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A lifetime of good oral health

Starting early is the key

Karen Miller
A lifetime of good oral health
Man Wai Ng,D.D.S., M.P.H., Dentist-in-Chief of the Department of Dentistry at Boston Children’s Hospital, is a board-certified pediatric dentist. Ng provides general as well as specialty dental services for children. photo: Courtney D’Elia

A BABY’S TOOTHLESS GRIN hides the 20 primary teeth lurking in the gums. They typically make their appearance within 33 months. These baby teeth have a lot of responsibility. They not only hold space in the jaw for permanent teeth, but also help to chew, speak and smile. They eventually move on to make way for their replacements. When all is said and done, each person has 32 permanent teeth … and they have to last a lifetime.

Unfortunately, most times they do not. Forty-three percent of youth between two and 19 have already experienced tooth decay, according to a recent report by the National Center for Health Statistics. Nine percent of kids between the ages of two and five have untreated cavities, and that percentage increases with age. The prevalence is highest among Hispanic youth and those of lower income. Yet, tooth decay is almost completely preventable.

One reason for poor dental health in children may be attributed to myths and misunderstandings. According to a survey sponsored by the Children’s Dental Health Project, at least 40 percent of the respondents did not realize that sugar in natural fruit juice can cause cavities in children. At least 40 percent believed that you shouldn’t start brushing a child’s teeth until the age of three.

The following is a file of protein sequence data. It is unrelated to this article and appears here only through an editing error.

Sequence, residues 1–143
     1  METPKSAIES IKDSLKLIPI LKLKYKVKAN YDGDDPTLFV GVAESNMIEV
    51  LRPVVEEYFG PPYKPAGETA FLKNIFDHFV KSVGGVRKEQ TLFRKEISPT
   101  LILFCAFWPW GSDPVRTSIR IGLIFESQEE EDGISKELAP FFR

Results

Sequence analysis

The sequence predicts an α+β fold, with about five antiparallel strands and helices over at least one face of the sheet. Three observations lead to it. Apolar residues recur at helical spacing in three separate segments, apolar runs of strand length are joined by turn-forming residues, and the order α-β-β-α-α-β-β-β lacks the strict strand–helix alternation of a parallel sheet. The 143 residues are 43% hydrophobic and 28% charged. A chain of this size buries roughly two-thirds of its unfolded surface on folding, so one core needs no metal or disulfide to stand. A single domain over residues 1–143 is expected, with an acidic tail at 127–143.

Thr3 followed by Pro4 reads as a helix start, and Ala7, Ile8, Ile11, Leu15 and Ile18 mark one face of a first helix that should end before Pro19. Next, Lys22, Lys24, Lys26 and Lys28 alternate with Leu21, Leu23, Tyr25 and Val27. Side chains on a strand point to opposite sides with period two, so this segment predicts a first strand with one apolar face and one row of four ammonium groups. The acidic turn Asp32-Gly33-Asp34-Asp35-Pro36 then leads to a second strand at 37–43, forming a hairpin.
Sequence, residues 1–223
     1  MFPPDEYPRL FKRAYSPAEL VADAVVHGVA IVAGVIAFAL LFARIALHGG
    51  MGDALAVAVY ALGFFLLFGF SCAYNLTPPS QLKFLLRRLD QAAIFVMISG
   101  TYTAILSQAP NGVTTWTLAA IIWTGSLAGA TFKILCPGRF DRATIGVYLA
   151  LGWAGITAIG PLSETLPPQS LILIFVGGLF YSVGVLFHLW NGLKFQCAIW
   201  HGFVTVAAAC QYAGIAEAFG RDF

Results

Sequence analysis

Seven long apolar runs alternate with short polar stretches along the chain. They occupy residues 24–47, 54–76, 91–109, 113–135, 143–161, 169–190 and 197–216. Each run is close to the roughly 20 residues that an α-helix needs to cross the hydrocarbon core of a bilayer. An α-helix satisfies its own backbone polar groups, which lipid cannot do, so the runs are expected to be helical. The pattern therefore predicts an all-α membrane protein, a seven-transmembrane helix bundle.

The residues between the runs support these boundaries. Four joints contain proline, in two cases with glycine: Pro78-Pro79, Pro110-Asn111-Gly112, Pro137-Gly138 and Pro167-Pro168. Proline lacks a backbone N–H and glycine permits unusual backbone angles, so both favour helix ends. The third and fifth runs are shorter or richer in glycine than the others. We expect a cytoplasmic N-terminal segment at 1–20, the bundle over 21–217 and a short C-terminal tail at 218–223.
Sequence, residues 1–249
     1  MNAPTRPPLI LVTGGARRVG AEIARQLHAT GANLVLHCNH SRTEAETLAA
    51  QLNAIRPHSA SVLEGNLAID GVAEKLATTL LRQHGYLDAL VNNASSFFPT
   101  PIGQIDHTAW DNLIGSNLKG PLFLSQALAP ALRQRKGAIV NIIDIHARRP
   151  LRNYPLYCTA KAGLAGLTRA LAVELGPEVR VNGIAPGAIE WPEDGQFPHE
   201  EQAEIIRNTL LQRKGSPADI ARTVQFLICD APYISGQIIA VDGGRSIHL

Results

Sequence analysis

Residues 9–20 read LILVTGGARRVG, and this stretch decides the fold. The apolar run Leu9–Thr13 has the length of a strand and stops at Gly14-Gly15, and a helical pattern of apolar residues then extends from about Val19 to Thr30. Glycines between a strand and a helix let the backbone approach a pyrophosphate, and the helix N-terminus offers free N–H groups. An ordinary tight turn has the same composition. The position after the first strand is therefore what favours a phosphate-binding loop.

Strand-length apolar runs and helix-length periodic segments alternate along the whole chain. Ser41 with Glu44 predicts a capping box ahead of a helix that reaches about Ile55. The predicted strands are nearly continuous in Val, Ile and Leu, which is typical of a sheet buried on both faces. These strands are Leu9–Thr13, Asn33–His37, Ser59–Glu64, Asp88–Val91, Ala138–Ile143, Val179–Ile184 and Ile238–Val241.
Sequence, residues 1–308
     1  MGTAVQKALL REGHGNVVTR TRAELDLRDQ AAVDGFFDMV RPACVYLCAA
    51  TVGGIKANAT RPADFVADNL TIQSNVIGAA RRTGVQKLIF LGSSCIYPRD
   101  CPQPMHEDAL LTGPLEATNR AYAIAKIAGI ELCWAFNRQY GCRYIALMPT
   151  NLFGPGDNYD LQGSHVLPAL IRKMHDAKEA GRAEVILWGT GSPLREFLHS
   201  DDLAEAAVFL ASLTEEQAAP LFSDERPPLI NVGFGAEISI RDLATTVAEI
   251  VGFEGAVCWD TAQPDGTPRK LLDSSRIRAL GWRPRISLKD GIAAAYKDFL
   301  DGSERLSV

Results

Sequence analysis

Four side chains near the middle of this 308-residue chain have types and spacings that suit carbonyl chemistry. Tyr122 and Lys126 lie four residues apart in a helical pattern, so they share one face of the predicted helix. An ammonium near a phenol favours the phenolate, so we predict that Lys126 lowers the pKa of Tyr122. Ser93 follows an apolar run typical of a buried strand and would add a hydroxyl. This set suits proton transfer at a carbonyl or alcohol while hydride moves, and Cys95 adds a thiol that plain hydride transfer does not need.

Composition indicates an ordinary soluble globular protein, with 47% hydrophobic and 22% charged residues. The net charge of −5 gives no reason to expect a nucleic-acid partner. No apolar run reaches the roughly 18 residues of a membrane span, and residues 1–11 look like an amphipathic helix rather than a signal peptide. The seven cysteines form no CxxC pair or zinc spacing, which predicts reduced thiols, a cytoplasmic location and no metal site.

Not so, explained Dr. Man Wai Ng, Dentist-in-Chief of the Department of Dentistry at Boston Children’s Hospital. Actually, dental care should start even before the first tooth appears. Plaque, that ubiquitous film of bacteria that invades everyone’s mouth, can build up on the gums. It’s recommended to wipe the baby’s gums with a moist washcloth after every meal. The cleaning not only prevents the buildup of plaque, but can also help infants develop a tolerance to oral care.

For children younger than three, the American Dental Association recommends limiting the amount of fluoride toothpaste to no more than the size of a grain of rice (left). For children three to six, use no more than a pea-sized amount of fluoride toothpaste (right). photo: American Dental Association

For children younger than three, the American Dental Association recommends limiting the amount of fluoride toothpaste to no more than the size of a grain of rice (left). For children three to six, use no more than a pea-sized amount of fluoride toothpaste (right). photo: American Dental Association

When the first tooth erupts, the washcloth is traded for a baby toothbrush with just a dab of fluoride toothpaste about the size of a grain of rice, recommends the American Dental Association. Brush twice a day. It’s best not to rinse out to help get the maximum benefit of fluoride. There’s no alarm if the baby swallows this tiny amount of fluoride. The scant amount should cause no harm. By age three the ADA advises increasing the fluoride toothpaste to the size of a pea.

Flossing is added to the routine when two teeth touch. String floss is not necessary. Flossers with handles are easier. Ng admits it’s a bit tricky to brush and floss, particularly the top front teeth and back teeth. Positioning is important. “Hold the baby from behind,” she advises. “Cradle the head on your belly and gently stretch out the lips.” Tooth brushing does not take long — about 30 seconds for infants. Brush along the gum lines as well. Parents should continue to brush their child’s teeth at least twice a day. By the age of seven or eight the child can brush the teeth by him or herself, but the parent must still supervise.